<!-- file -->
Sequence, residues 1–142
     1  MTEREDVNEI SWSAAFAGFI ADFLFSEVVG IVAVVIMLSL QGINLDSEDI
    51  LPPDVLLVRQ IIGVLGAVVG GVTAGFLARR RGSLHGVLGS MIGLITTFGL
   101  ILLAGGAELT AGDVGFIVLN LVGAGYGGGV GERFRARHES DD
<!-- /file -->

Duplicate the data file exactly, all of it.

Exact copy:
Sequence, residues 1–142
     1  MTEREDVNEI SWSAAFAGFI ADFLFSEVVG IVAVVIMLSL QGINLDSEDI
    51  LPPDVLLVRQ IIGVLGAVVG GVTAGFLARR RGSLHGVLGS MIGLITTFGL
   101  ILLAGGAELT AGDVGFIVLN LVGAGYGGGV GERFRARHES DD